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2007 Ohio Historic Preservation Office Award Recipients

Helen Dehlia Gilmore for her longtime devotion to preserving the history of Rossville and the story of the Randolph Slaves.



For decades, Helen Gilmore has been instrumental in preserving the history of Rossville, Ohio, and the story of the Randolph Slaves who settled there in 1847. Freed according to provisions of the will of John Randolph of Roanoke Plantation, Charlotte County, Virginia, the Randolph Slaves came to Ohio where they settled in Miami County. Located on the Miami River, Rossville had a church, school, graveyard, and many small homes. A direct descendant of the Randolph Slaves, Helen Gilmore was born and raised in Rossville, and her great-grandfather, Isaac Ryal–one of the slaves that Randolph freed–is buried in the Jackson Cemetery there. After her mother died, Helen was raised by her grandmother. They lived in the home of Helen’s great-great uncle, York Ryal, another of the former Randolph Slaves. In the early 1950s, Helen and her husband, Isaac, moved back to Rossville from Dayton. At the time, township trustees planned to build a garage for salt trucks on the site of the cemetery where many of the former Randolph Slaves were buried. The trustees told Helen that if she could prove who was buried there, they would spare it. Helen found a map in her cousin’s basement listing all of the burials. Since then, she has spent countless hours compiling information about the history of Rossville and the story of the Randolph Slaves. She’s gathered copies of all of the original deeds, along with pictures, family histories, and other early records. Today, the Jackson Cemetery is listed on the National Register of Historic Places, and Helen’s childhood home, the York Ryal House, is the Rossville Museum and Cultural Center, where the story of this remarkable community is preserved.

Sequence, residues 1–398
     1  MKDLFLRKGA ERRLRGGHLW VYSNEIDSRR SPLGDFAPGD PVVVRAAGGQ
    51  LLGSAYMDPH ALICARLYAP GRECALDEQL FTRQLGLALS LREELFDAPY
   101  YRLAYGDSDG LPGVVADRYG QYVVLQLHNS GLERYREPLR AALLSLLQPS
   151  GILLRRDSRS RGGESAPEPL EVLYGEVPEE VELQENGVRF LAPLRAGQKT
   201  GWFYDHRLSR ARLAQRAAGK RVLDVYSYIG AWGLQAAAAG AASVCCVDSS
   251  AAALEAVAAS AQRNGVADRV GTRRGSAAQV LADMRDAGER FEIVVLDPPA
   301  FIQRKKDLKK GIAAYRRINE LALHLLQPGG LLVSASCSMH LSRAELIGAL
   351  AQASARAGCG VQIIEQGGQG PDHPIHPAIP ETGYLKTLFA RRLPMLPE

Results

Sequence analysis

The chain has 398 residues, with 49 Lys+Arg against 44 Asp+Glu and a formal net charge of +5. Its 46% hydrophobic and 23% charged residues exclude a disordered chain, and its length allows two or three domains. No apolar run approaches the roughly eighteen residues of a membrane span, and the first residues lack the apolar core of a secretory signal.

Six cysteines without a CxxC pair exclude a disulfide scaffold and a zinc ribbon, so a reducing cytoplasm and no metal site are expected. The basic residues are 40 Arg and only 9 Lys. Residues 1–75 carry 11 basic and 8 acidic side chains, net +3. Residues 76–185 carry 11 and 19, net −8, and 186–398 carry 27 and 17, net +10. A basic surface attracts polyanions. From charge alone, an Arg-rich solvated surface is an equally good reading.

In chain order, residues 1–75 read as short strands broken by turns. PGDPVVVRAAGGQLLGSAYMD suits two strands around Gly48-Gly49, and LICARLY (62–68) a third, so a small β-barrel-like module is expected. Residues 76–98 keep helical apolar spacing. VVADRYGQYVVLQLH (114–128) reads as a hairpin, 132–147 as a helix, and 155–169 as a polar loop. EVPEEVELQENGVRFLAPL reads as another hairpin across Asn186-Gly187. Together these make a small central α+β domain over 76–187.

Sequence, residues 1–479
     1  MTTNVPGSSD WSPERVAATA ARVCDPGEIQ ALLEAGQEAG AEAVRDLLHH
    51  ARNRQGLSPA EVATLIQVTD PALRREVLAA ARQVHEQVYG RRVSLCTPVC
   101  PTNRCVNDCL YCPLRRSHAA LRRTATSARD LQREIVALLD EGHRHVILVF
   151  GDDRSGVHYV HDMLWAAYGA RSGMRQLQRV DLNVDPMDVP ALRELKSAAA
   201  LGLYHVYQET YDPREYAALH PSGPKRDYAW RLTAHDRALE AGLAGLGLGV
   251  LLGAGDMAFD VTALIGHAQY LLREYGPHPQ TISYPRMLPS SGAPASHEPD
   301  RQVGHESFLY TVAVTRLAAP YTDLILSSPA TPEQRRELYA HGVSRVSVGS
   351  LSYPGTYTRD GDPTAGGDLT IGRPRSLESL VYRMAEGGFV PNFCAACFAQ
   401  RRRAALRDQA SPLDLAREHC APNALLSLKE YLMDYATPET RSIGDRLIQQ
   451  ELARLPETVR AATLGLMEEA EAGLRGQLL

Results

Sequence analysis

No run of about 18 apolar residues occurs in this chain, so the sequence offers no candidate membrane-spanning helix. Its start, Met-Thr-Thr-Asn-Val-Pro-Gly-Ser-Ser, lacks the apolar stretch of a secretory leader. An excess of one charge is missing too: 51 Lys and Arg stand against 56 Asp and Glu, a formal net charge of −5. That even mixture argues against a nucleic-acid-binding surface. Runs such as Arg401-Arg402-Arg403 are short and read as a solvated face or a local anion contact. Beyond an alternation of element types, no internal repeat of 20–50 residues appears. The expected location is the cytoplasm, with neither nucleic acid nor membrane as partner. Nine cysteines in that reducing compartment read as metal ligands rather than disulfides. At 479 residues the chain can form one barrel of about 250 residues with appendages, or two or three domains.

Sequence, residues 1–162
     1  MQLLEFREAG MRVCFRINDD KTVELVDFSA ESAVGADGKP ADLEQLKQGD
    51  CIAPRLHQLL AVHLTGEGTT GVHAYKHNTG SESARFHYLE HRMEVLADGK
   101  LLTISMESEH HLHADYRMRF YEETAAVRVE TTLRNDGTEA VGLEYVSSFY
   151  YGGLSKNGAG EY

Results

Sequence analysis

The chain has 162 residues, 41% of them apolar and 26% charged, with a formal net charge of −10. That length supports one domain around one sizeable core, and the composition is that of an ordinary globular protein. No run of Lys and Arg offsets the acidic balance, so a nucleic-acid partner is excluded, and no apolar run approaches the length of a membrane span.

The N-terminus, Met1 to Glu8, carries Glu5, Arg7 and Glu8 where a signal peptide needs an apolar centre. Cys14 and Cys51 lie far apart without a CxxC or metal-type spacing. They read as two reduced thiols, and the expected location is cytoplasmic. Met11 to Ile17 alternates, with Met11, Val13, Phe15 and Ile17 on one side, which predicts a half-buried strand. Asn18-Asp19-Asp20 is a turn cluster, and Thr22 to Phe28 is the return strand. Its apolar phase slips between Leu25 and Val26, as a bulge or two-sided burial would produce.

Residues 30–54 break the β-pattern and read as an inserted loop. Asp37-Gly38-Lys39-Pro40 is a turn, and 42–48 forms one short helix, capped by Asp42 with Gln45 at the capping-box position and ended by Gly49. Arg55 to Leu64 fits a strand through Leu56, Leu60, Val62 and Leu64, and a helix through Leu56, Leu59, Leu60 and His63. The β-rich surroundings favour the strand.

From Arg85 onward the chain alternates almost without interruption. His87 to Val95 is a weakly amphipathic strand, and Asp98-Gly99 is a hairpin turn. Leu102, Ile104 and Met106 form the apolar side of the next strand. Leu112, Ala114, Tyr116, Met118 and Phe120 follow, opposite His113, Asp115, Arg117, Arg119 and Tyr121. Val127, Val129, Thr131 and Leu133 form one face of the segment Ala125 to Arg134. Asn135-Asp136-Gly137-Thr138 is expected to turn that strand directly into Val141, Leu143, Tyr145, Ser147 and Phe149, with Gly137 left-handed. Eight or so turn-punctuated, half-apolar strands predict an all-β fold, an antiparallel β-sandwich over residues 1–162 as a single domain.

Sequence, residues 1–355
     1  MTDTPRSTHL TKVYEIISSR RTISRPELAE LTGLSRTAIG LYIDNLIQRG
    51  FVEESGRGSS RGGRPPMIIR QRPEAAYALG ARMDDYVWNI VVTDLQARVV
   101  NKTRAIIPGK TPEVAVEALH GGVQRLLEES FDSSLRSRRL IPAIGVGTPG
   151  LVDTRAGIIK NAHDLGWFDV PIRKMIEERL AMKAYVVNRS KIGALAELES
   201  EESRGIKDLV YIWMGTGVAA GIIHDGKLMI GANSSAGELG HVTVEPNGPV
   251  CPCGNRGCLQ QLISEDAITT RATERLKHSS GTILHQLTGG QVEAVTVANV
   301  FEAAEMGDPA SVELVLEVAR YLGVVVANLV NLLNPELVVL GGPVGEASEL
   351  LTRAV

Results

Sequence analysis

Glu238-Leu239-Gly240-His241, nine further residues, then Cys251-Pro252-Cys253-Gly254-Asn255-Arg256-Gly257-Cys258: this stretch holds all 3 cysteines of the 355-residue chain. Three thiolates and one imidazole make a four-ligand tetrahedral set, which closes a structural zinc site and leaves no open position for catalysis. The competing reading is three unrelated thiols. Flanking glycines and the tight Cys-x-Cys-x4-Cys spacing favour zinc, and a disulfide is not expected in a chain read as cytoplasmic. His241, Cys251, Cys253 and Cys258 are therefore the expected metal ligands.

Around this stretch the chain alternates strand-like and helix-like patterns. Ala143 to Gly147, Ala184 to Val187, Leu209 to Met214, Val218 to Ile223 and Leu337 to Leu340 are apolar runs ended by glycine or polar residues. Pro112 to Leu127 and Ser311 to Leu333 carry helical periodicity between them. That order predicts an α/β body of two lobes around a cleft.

2007 Awards 
Presentation Image. Click to view slides of the awards presentation.

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